See How They Run
Directed by Francis A. Daley
April 25th - May 18th
April 25,26 May 2,3 9,10 16,17
Preview Apr 24, Matinees on May 4 & 18
So swift is the action, so involved the situations, so rib tickling the plot
in this London hit that at its finish audiences are left as exhausted from laughter as though they had run a foot race. Galloping in and out of the four doors of an English
vicarage are an American actor and actress (he is now stationed with the air force in England), a cockney maid who has seen too many
American movies, an old maid who
"touches alcohol for the first time in
her life," four men in clergyman suits
presenting the problem of which is
which, for disguised as one is an
escaped prisoner, and a sedate
Bishop aghast at all these goings
on and the trumped up stories they
"Breathless show, fast tempo, plenty
of laughs." —Variety
"A positive riot, in all my fifty years
in the theatre I've never heard such
laughter." —Bernard W. Suss, Elitch
Directed by Bill Hughes
May 30th - June 8th
May 30,31 June 6,7
Matinees on Jun 1 & 8
The play is set in Paris in the 1970s during Marlene Dietrich's farewell concert tour. We are taken backstage and given glimpses of the everyday Dietrich. We see the woman who reinvented herself as an acclaimed chanteuse and she emerges as the ultimate professional, a perfectionist who is at times self-absorbed, generous, calculating, practical and charming. We see the Hollywood creation who never forgot her roots, her homeland and is haunted by the horrors of the Holocaust.
An entertainment icon for much of the 20th century, the German actress chanteuse was discovered by director Josef Von Sternberg, who cast her as Lola Lola in the 1930 international hit "Blue Angel." She then traveled to Hollywood, where she and Von Sternberg made such moody classics as "Morocco," "Blonde Venus" and "Shanghai Express." In all her roles, Dietrich exhibited a cool facade, romantic melancholy and independent spirit -- an image she would retain throughout her career.
In 1939, she made a comeback in the comic role of a feisty bar waitress in the James Stewart western "Destry Rides Again." She died in 1992 at the age of 90.
Directed by Martin Rosato
July 18th - August 10th
July 18,19 25,26 August 1, (2–Canceled) 8,9
Preview Jul 17, Matinees on Jul 27 & Aug 10
At the time of a paralyzing drought in the West we discover a girl whose father and two brothers are worried as much about her potential future as an old maid as they are about their dying cattle. For the truth is, she is indeed a plain girl. The brothers try every possible scheme to marry her off, but without success. Nor is there any sign of relief from the dry heat, when suddenly from out of nowhere appears a picaresque, sweet-talking man with quite the sales pitch. Claiming to be a "rainmaker," the man promises to bring rain, for $100. It's a silly idea, but the rainmaker is so refreshing and persistent that the family finally consents, banging on big brass drums to rattle the sky. Meanwhile the rainmaker also turns his magic on the girl, and persuades her that she has a very real beauty of her own. She believes it, just as her father believes the fellow can actually bring rain. Rain does come, and so does love.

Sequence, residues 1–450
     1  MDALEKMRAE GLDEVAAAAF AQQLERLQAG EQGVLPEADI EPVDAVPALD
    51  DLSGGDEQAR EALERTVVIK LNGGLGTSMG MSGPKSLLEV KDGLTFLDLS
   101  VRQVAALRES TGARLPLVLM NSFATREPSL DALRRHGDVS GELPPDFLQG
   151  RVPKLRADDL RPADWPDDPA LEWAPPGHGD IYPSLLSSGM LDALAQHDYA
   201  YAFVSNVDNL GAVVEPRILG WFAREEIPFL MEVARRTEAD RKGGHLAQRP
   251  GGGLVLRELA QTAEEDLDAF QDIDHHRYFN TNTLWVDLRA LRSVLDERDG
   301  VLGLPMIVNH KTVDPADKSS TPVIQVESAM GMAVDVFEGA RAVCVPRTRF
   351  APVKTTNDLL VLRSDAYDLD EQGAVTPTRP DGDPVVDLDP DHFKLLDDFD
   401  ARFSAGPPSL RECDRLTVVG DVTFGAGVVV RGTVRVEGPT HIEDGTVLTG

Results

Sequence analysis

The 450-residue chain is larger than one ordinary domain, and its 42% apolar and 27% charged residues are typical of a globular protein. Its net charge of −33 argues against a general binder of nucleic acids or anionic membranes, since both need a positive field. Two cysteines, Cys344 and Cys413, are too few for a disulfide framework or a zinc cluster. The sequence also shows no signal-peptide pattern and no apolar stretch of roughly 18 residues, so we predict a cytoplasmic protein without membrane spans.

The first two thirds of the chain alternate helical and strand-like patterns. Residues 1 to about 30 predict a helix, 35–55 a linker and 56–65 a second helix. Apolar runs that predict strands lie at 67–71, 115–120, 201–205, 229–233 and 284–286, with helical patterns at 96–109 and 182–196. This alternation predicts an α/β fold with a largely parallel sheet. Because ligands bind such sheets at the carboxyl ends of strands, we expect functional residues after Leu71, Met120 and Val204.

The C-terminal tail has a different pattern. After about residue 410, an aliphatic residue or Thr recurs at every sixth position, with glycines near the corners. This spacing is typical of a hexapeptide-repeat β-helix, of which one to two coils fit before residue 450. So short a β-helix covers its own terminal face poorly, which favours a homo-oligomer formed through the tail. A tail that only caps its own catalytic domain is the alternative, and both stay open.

"Admirable skill... [and] insight into the human heart.... The touch of a poet.... A hit you must see." —N.Y. Mirror.
Dividing The Estate
Directed by Katherine Almquist
September 19th - October 12th
September 19,20 26,27 October 3,4 10,11
Preview Sept 18, Matinees on Sept 28 & Oct 12
Matriarch Stella Gordon is determined not to divide her 100-year-old Texas estate, despite her family's declining wealth and the looming financial crisis. But her three children have another plan. Old resentments and sibling rivalries surface as the members of this hilariously dysfunctional family go head to head to see who might claim the biggest piece of the pie in DIVIDING THE ESTATE.
"DIVIDING THE ESTATE goes for laughs and succeeds, and at the same time comments on more sweeping notions of avarice, entitlement and carpetbagging karma." —NY Daily News.
"Horton Foote's DIVIDING THE ESTATE—about a rapacious Southern family tangling over finances— contains echoes of Cat on a Hot Tin Roof and The Little Foxes, but its elegiac tone and rich humor clearly reflect the spirit of its playwright." —NY Post.
"DIVIDING THE ESTATE will draw you into its drawing room and the shadows beyond with the theatrical equivalent of a page-turner, capturing your undivided attention as you hang on its teasing turmoil in guiltlessly glad complicity." —Bloomberg.com.
It's a Wonderful Life: A Live Radio Play
Directed by Robin Frome
December 5th - December 28th
December 5,6 12,13,14 19,20 26,27,28
Preview Dec 4, Matinees on Dec 14 & 28
Inspired by the classic American film, It's a Wonderful Life, It's a Wonderful Life: A Live Radio Play is performed as a 1940s live radio broadcast in front of a studio audience. Five actors perform the dozens of characters in the radio play as well as produce the sound effects. This radio play adaptation was originally mounted at Stamford Center for the Arts in 1996, and has been performed there since with great success. It was at Stamford that the play was fine tuned and took shape as the piece published here. Through word of mouth alone, productions have since taken place around the country, including the noted Chicago premiere at American Theatre Company.